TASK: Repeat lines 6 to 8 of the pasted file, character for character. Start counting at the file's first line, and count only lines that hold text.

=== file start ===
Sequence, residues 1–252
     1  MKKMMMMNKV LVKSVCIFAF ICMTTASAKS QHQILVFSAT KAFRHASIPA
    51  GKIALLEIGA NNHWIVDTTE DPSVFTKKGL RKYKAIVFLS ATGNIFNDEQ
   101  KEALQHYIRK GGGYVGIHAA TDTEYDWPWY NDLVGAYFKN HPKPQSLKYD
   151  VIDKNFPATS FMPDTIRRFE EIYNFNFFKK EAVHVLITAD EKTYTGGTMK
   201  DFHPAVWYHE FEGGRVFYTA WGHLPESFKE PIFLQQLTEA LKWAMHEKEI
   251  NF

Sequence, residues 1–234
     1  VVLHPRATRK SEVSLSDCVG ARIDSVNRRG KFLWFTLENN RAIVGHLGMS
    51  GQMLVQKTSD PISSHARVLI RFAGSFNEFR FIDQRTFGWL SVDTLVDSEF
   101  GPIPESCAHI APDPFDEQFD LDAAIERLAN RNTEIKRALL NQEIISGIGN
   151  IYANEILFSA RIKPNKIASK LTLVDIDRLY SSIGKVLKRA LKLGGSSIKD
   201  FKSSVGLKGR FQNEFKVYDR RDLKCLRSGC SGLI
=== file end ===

   201  DFHPAVWYHE FEGGRVFYTA WGHLPESFKE PIFLQQLTEA LKWAMHEKEI
   251  NF

Sequence, residues 1–234